BDS conference arrives this weekend
Alums are threatening to cease donations to Penn for allowing the conference on campus
February 3, 2012, 1:23 am·
The Boycott, Divestment and Sanctions conference, which begins this weekend, has generated widespread debate over the movement’s mission and its place at Penn.
The two-day conference begins Friday night with a reception and film screening. On Saturday and Sunday the conference will feature panels, speakers and question-and-answer sessions to educate and mobilize the BDS movement. BDS is a pro-Palestine movement to force Israel to comply with its demands regarding territorial disputes.
The event is hosted by PennBDS, a student group officially recognized by the Student Activities Council. The group of about 15 students was founded last year.
As the conference approaches, the movement has received negative backlash toward its cause.
The University issued a statement on Dec. 23 that it “does not support sanctions or boycotts against Israel.” The statement, signed by Penn President Amy Gutmann, said Penn is not sponsoring the conference, but lauds freedom of expression.
Many Penn graduates, however, have voiced concerns over the University allowing the conference to take place on its campus.
“I think there’s a lot of major donors that have threatened or plan to withhold significant financial support from Penn as a result of this,” said an alumni donor who wished to remain anonymous to maintain his relationship with the administration.
Alumni have been calling and emailing the administration expressing opposition to the conference, he said. However, he added that he does not know anyone who has received a response from Gutmann.
“I ultimately don’t particularly understand why Amy Gutmann and the trustees agreed to hold this conference and are essentially hiding behind a veil of protecting free speech and free expression,” he added.
1996 College graduate Aaron Ross has been working with fellow alumni to spread his discontent with the administration’s decision.
“Certainly in the short term this would affect [donation] decisions,” he said.
“That’s unfair because we haven’t done anything wrong,” said College sophomore Jacob Minter, a PennBDS member. “All we’re doing is standing up for human rights.”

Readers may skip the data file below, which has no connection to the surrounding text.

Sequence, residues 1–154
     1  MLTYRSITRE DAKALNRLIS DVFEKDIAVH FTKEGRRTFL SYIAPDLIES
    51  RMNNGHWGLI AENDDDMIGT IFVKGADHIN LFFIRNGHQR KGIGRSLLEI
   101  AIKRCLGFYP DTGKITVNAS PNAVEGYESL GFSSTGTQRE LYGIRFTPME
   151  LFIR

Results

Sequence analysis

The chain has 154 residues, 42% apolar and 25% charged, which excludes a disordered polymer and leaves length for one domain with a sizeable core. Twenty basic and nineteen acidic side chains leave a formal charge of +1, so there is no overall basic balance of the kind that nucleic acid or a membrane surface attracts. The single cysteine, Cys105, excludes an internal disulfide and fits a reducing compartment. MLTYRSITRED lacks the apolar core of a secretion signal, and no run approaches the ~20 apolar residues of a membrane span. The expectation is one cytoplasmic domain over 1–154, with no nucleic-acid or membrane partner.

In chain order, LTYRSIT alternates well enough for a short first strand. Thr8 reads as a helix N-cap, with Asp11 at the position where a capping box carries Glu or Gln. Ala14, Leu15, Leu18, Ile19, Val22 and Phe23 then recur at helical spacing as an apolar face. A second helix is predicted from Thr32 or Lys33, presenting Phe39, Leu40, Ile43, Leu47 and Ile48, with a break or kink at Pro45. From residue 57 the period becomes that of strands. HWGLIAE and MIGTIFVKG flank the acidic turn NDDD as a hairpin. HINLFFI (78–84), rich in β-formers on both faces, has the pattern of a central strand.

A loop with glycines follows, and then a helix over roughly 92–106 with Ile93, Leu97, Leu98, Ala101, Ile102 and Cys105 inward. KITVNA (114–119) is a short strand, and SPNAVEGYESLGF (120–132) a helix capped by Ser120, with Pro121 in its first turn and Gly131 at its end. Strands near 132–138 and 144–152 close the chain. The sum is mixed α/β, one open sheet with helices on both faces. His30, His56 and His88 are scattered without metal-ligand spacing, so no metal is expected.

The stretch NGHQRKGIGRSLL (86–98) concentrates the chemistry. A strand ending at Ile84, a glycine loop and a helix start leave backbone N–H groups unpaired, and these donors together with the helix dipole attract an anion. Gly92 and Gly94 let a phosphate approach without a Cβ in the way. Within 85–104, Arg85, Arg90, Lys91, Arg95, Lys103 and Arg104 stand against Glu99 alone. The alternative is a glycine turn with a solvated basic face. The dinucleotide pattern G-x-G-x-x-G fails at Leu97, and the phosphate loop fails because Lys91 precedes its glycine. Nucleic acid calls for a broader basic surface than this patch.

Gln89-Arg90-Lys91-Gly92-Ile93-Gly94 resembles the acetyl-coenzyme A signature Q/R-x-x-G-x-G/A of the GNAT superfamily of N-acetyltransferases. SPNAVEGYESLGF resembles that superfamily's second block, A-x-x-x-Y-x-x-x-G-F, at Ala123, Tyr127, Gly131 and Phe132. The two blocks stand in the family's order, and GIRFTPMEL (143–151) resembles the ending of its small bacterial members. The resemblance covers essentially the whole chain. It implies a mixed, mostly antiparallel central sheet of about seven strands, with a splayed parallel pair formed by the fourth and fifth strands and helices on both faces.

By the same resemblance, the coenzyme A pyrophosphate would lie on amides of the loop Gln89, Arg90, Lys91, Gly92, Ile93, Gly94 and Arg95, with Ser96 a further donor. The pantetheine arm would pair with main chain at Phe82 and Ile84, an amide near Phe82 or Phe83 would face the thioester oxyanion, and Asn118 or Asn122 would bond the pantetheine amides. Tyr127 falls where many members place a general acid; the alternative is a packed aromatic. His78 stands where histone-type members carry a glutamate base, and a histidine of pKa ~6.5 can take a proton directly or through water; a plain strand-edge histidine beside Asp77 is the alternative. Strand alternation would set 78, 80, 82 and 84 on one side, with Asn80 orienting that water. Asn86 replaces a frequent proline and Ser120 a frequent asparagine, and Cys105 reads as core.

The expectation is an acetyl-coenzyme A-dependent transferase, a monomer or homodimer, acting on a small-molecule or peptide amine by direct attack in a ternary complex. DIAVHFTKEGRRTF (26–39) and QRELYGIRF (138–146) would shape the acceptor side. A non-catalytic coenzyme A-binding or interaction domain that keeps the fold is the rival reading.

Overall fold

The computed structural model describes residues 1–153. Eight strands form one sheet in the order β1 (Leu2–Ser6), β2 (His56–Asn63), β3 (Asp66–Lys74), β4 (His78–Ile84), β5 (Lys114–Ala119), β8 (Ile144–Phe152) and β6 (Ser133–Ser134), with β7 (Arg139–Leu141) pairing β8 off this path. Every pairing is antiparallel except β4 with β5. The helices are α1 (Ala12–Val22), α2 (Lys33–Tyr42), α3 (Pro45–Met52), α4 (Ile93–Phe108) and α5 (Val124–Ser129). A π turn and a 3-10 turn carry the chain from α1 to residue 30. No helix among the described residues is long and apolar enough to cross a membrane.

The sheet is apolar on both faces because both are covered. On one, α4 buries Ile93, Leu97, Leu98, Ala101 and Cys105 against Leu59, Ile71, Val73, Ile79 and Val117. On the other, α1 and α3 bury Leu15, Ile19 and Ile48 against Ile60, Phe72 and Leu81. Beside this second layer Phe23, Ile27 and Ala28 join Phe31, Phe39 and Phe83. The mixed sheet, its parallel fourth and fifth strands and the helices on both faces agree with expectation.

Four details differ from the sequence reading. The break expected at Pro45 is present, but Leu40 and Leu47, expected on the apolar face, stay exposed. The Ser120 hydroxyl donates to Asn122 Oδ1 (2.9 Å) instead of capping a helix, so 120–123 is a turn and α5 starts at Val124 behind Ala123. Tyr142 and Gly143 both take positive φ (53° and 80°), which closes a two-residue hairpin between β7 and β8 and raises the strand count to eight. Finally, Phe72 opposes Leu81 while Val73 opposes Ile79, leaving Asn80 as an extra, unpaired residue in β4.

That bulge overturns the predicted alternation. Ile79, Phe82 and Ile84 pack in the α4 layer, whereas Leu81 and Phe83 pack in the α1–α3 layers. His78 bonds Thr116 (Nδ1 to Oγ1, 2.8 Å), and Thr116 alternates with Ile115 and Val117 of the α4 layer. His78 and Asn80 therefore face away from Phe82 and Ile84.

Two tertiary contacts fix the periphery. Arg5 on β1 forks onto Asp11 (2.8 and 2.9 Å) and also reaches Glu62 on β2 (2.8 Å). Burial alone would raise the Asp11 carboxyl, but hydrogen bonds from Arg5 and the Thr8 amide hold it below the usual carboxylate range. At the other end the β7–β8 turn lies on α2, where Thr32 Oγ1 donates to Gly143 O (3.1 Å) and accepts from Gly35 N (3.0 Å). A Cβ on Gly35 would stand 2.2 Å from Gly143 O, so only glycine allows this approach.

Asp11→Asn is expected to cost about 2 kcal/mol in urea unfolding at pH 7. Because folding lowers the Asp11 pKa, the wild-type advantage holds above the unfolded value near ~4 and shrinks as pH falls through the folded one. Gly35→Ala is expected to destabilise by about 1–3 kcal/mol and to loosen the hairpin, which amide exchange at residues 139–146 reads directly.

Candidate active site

“We recognize and respect their right to open expression. Just because we disagree — in this case strongly and deeply — with a group’s message does not mean that they lose their right to voice that message,” wrote Gutmann and Chair of the Board of Trustees David Cohen in a letter to The Daily Pennsylvanian.
Many others have voiced their opinion to the administration.
The conference’s keynote speaker, Ali Abunimah, a Palestinian-American activist who founded Electronic Intifada, an online publication about the Israeli-Palestinian conflict, emailed Gutmann a response to a Feb. 1 DP guest column by Ruben Gur — a professor in the Departments of Psychiatry, Radiology and Neurology. The column attacked the BDS movement, comparing the Nazis in the 1930s as a “relevant precedent” to BDS.
“I would like to ask you now to condemn in the strongest terms [Gur’s] inflammatory rhetoric,” Abunimah wrote in his letter, which he published on Electronic Intifada. He plans to use any response he gets from Gutmann in his Saturday-night keynote address.
“Silence from [Gutmann] would in my opinion be a form of complicity or almost condoning this kind of inflammatory rhetoric,” he added.
The Jewish Defense Organization, a self-proclaimed militant group unaffiliated with Penn is calling upon donors to the University to “cut off every cent they give.” The campaign launched on Jan. 31.
“The boycott is the only way to bring the president to her knees,” JDO member Jeff Weiss said.
However, others object to the strong rhetoric of JDO’s campaign.
“I think that kind of an approach couldn’t be more wrong,” said College sophomore Noah Feit, president of Penn Friends of Israel.
“It’s ironic that people … protest against boycotting a state by boycotting a university,” Abunimah said.